Dealing with less light in the winter months can be a challenge for many of us.
Here in the mid-Atlantic region of the country the sun rises around 7:20 am and sets around 5:20 pm. We are getting about 1
ten hours of daylight. This ia one whole hour better than a month ago.Still, many of those days are cloudy with minimal available sunshine or the fridge tempatures drive us inside.
There is a type of depression that occurs this time of year called S.A.D., seasonal affective disorder. There is a less severe form called sub syndromal S.A.D., better known as the “winter blues”.
individuals may have a decrease in serotonin, abnormal melatonin metabolism, tryptophan depletion or possibly a disruption in the circadian rhythm. Basically, the increased hours of darkness disrupt the brain chemicals that affect mood.
Individuals with S.A.D. may note an increase in the need to sleep, increased appetite especially in relation to carbohydrate cravings, irritability, relationship or personal difficulties, especially an increase in what is called “rejection sensitivity”, and heavy, leaden feelings in arms and legs. In those who suffer from the “winter blues” these symptoms are less severe.
How does one deal with this?
The most beneficial treatment for individuals diagnosed with S.A.D. is light therapy. This is where you sit in front of a special white fluorescent light that has a plastic diffusing screen which filters out the UV rays This light box is made specifically for this application. The light intensity value is measured at 10,000Lux. It is recommended to start with a ten minute session twice a day and work up to a maximum dose of ninety minutes daily. You sit in front of the light box with your eyes open, but you don’t look directly into the light. Dr. Norman Rosenthal states that sixty to eighty percent of those suffering from S.A.D. benefit from the light therapy. Most people respond within two to four days.
If these symptoms describe how you are feeling, please see your health care provider for a full evaluation. Additional medical treatment may also include certain antidepressants, cognitive behavioral therapy (CBT), or both, and may be recommended with or without the light box.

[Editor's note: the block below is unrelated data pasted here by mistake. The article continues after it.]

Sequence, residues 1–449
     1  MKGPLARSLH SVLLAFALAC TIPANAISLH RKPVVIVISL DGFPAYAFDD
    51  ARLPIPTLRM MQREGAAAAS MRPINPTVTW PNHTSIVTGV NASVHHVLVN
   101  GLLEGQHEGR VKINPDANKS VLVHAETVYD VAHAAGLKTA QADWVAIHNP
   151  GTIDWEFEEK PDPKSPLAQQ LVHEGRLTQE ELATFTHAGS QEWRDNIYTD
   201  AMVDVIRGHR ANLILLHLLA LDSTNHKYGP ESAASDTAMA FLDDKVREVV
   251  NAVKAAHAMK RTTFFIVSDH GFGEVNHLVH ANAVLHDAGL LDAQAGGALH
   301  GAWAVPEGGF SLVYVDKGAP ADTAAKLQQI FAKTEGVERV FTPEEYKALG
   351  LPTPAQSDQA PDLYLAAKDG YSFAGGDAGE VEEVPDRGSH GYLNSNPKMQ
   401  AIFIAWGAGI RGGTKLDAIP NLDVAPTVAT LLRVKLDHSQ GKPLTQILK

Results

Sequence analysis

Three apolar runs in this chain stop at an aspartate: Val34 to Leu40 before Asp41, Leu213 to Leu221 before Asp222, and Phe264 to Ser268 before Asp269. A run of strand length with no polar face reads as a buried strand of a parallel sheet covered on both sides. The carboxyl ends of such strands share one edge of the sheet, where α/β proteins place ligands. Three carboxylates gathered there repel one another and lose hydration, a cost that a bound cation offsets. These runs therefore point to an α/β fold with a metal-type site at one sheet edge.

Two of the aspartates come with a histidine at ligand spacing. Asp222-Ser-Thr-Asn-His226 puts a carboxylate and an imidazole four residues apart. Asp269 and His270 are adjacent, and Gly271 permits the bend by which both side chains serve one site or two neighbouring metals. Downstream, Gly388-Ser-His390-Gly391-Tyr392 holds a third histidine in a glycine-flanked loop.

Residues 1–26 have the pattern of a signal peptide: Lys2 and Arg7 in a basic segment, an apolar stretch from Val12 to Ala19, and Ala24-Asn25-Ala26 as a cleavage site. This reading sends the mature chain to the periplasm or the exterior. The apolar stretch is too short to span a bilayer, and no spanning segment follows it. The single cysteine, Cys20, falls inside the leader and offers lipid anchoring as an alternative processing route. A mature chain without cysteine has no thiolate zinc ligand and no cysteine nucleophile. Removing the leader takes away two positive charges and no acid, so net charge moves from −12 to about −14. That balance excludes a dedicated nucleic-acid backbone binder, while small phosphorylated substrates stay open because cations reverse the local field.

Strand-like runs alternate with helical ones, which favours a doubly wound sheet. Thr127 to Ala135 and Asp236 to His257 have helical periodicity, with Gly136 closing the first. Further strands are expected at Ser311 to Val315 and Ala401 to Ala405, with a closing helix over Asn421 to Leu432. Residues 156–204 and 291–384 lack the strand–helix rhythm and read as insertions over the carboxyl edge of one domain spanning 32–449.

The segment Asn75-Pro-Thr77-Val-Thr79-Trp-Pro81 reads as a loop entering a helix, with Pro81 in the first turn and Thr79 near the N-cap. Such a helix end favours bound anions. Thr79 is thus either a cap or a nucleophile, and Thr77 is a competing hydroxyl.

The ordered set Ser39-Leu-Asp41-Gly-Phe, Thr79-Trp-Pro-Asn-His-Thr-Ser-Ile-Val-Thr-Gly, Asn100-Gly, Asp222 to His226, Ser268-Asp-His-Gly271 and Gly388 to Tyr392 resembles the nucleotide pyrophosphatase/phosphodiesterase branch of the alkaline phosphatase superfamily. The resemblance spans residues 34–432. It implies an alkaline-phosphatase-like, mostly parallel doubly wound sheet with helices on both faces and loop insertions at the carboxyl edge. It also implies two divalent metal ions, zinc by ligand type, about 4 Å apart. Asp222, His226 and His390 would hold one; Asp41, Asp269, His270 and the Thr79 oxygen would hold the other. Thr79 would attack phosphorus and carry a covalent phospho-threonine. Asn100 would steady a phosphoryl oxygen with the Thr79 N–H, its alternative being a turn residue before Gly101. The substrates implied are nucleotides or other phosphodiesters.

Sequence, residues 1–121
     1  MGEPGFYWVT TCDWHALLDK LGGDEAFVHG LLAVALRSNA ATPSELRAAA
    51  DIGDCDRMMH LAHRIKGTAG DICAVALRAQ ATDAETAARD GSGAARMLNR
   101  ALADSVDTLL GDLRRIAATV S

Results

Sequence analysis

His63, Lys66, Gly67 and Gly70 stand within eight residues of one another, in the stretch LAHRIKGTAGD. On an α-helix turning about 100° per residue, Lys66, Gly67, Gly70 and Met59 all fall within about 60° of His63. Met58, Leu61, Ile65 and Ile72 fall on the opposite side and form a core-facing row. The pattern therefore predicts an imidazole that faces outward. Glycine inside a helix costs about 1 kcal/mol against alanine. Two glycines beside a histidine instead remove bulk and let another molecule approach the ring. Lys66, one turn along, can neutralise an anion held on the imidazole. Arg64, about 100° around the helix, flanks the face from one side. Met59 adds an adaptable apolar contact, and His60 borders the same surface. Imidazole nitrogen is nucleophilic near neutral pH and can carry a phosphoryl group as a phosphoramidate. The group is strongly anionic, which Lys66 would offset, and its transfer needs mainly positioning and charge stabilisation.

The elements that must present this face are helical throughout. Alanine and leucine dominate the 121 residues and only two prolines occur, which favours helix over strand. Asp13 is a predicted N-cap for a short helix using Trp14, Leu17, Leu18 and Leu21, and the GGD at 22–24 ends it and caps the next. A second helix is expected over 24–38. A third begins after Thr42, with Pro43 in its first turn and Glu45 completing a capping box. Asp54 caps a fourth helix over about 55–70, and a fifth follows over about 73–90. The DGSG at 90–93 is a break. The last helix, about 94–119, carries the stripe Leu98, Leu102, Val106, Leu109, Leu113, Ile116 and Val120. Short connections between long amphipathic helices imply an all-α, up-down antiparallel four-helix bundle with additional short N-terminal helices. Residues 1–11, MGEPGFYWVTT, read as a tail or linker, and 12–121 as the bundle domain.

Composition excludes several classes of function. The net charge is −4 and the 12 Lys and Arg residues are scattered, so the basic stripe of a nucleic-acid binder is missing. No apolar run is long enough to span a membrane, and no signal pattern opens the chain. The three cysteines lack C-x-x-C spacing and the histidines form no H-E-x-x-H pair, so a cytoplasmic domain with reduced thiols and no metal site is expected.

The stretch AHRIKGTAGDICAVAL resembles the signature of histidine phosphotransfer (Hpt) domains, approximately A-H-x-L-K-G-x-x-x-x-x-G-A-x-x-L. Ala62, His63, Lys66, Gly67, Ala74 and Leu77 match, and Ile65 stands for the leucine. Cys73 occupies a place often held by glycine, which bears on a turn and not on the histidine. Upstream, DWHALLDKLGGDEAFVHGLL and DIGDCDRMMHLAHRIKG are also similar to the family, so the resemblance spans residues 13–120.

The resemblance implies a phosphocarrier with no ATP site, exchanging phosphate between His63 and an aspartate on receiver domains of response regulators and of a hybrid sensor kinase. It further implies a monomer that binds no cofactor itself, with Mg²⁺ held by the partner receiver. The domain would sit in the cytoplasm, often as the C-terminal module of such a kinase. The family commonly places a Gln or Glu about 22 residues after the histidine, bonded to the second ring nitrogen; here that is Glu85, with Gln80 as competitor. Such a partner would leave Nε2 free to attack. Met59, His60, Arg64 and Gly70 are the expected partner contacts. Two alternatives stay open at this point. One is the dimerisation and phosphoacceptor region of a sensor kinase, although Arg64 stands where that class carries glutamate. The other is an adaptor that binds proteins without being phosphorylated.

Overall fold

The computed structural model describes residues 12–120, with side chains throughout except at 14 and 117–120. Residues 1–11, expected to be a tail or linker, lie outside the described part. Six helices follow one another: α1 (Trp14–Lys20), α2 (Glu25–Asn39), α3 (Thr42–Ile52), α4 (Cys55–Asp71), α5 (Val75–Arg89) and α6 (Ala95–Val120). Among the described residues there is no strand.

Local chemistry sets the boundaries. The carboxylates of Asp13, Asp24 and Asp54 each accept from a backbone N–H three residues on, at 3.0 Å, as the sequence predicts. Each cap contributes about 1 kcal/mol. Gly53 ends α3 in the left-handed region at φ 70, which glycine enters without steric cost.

Although you can purchase a light box without a prescription, a physician or other mental health professional can provide guidelines as to how to use light therapy box for maximum effectiveness for your specific circumstance.
If S.A.D. or the winter blues have crept into your life or the stress of the season has gotten the better here are:
“Ten ways to Chase Away the Winter Blues”
(Individuals with S.A.D.will find these tips as a nice adjunct to their medical treatment.)
- Take time in the sun daily if at all possible for at least 30 minutes (lately this seems like a tall order around here!). The sun gives off 130,00Lux of light intensity which is 13x more powerful than the light box
- Exercise! Combine this with your outdoor time and it gives you a benefit that is value added.
- Take a vitamin D3 supplement. This is the “sunshine” vitamin. Do I need to say more? Sunlight causes our body to make vitamin D but living in a northern latitude in the winter time makes it difficult. This is one supplement worth taking. If you haven’t done so, it is worthwhile to have your level checked by your health care provider to get an accurate recommendation on how much you should take. Multiple research studies have shown anywhere from 400IU a day and upwards are beneficial. This is a fat soluble vitamin, which means when you take the supplement it works better if you take it after a meal that has some good healthy fats in it. Benefits: regulates absorption of calcium and phosphorous which our bones need, immune function, normal growth and development. Multiple studies are under way to see if it is also helpful in reducing risk of diseases ranging from heart disease to some cancers.
- Enhance indoor lighting. Set your desk by a window. Increase the number of regular lamps and light fixtures.
- Set a timer on the light in your bed room if you need to get up before sunrise. A special light called a “dawn simulator” may also be helpful. This device has a light that gradually turns on.
- Always eat breakfast. Besides providing energy to start your day it helps regulate your internal clock, or circadian rhythm. Choose a combination of complex carbohydrates, some protein and a smaller amount of healthy fat. One of my favorites is steel cut oats with unsweetened almond milk, nuts, seeds and whatever fruit is in season.
- Have a snack. Beware of the” junk” comfort foods-they will give you temporary relief but in short order your blood sugar will crash and your mood will worsen. Choose whole foods like apple slices with a nut butter of your choice, a snack bag size of almonds, pistachios or walnuts. (See “Food for Thought” in the next section).
- Eat foods that are found in the Mediterranean diet;veggies, fruit, fish, nuts, and healthy fats like olive oil and avocados. Many of these foods have the nutrients that our body needs to make the precursor to the hormones that affect our moods.
- Cultivate a Positive Mindset Practice.
- Gratitude. Every morning and every night bring to mind three things you are grateful for that day.
- Random Acts of Kindness. Hold the door open for the person behind you, clear the snow off the car next to yours in the parking lot. You get the idea.
- Positive Affirmations. It has been said our thoughts become our words and feelings which create our reality. Think about how you want to feel and practice the language that supports your goals. “I triumph over my stress and celebrate my inner harmony.